In a significant effort to curb dollar outflows, the State Bank of Pakistan (SBP) has made it obligatory to open an account before purchasing more than $2,000 in U.S. currency.
State Minister for Finance Aisha Ghaus Pasha notified the Senate’s Standing Committee on Finance, which met in Islamabad on Wednesday, of this development.
The government and the SBP have adopted a number of measures to restrict dollar outflows. Finance Minister Ishaq Dar, who expressed confidence in meeting the external account requirements for the current fiscal year, has been criticised for failing to lower the dollar rate below Rs200 and replace the country’s diminishing foreign exchange reserves.
Restrictions on the creation of letters of credit (LCs) have already impacted industrial activities, as numerous sectors have complained of a lack of raw materials and components. Importers estimate that the value of the stuck-up LCs could be approximately $1 billion despite the lack of official data.
Concurrently, importers are discovered in a lengthy line to obtain approval for LC opening. This is difficult since the banks are experiencing inadequate dollar inflows, making it more difficult to meet importers’ demand. The decline in imports, especially of raw materials, has posed a significant difficulty for the export industry.
The All Pakistan Textile Mills Association has recently asked the prime minister to prevent the collapse of the export business due to the sudden cessation of gas supply in Sindh and Balochistan. According to exporters, November was the worst month for the export industry, and the country could experience another shock due to poor revenues.
A senior banker stated that the central bank has been attempting to seize every single dollar and making outflow more difficult. As the outflow from credit cards increased, banks that had previously issued international credit cards freely were likewise prohibited.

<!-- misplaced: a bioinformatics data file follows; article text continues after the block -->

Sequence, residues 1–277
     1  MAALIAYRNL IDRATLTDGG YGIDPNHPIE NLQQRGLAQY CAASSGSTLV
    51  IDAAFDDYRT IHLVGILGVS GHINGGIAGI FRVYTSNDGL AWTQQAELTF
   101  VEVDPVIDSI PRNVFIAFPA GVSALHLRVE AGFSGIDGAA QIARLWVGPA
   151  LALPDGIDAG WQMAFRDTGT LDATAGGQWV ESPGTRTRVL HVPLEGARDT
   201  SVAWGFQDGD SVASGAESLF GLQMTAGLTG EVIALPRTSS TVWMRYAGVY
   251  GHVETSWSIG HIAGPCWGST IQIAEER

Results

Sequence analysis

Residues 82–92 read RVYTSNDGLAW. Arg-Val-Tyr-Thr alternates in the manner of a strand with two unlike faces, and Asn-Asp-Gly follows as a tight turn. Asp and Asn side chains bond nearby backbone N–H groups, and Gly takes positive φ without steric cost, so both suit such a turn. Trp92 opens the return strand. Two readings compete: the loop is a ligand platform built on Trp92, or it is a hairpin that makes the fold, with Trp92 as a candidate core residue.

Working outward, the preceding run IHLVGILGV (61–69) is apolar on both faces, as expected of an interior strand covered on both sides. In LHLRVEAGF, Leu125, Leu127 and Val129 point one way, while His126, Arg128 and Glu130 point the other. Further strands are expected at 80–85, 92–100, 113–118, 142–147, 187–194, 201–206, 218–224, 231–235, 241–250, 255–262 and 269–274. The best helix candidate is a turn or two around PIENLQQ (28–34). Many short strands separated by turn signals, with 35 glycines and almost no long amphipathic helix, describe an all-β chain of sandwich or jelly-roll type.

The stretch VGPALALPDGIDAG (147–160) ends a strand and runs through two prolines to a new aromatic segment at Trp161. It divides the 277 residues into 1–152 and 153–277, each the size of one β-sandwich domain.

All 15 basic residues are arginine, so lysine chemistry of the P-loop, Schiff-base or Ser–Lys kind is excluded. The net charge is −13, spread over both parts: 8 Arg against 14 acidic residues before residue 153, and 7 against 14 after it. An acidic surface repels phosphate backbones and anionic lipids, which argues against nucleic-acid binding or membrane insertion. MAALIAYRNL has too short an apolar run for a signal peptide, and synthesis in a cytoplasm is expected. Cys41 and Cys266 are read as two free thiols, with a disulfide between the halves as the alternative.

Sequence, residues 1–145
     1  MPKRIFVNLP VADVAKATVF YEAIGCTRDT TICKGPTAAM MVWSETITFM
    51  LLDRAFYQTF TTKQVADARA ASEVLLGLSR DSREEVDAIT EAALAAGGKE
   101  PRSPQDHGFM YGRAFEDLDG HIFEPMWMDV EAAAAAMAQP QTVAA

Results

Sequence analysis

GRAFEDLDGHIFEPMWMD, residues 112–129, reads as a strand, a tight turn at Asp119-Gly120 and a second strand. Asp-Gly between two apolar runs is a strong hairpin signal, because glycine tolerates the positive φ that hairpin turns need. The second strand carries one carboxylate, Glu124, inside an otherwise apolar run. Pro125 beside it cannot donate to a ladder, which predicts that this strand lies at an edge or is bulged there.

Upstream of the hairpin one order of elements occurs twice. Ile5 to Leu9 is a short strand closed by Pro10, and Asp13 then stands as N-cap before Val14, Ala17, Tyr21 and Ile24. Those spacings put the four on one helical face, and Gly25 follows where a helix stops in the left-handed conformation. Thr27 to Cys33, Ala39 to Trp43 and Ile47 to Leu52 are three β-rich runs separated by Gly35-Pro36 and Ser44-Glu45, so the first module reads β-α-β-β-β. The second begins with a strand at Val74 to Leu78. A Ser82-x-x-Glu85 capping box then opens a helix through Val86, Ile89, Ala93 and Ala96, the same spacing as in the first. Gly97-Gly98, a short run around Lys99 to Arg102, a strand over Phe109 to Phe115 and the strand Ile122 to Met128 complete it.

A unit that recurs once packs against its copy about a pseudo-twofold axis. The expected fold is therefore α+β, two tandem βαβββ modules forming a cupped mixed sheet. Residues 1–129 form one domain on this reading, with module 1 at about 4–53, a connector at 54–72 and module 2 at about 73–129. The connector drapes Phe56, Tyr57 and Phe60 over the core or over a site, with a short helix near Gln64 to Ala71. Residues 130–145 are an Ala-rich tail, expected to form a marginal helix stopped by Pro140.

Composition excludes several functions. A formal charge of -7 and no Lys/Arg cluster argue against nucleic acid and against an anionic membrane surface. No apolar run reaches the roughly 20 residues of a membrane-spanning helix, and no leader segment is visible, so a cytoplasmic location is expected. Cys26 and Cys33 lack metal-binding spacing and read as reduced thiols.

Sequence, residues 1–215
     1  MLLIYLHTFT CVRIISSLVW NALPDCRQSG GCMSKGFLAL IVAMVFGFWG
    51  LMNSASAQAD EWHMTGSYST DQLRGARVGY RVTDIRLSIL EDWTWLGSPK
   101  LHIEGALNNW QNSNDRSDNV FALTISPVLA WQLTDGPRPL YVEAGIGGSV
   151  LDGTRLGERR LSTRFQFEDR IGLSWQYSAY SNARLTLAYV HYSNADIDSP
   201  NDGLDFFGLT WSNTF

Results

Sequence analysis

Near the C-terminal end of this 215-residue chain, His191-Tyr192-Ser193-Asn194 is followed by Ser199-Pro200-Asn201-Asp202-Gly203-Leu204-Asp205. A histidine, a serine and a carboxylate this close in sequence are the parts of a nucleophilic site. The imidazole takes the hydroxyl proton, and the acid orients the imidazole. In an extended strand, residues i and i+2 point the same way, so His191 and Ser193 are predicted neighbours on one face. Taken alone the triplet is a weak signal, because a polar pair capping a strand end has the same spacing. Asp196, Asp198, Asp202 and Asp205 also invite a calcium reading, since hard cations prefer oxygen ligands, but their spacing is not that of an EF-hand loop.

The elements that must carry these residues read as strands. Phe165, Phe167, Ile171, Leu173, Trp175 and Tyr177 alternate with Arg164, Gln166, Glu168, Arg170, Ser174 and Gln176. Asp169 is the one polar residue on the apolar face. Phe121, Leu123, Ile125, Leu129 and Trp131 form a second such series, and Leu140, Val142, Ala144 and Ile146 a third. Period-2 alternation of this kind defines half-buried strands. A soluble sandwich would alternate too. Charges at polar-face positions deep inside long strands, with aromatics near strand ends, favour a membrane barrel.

According to bankers, the requirement to register an account before purchasing $2,000 would be exceedingly challenging. Today, banks do not provide foreign currency accounts. It is now nearly hard to travel abroad with dollars. The only option is to acquire money via the hawala market at significantly inflated rates.
The hawala market provides 20 to 30 rupees more per dollar than the banking market. According to some exchange businesses, the hawala dollar rate is much greater than Rs260.
Under the new condition, dollar purchases, checks, and bank accounts must be supported by documentation. The State Bank has made it mandatory to purchase dollars using bank account transfers.
The overall cost of purchasing dollars has been reduced by 50 percent, from $10,000 to $5,000. However, the new requirement of opening bank accounts prior to purchasing dollars is nearly suffocating official channel outflows.
The exchange corporations publish daily rates, but they do not supply dollars to purchasers. Instead, they lament the absence of sellers on the market.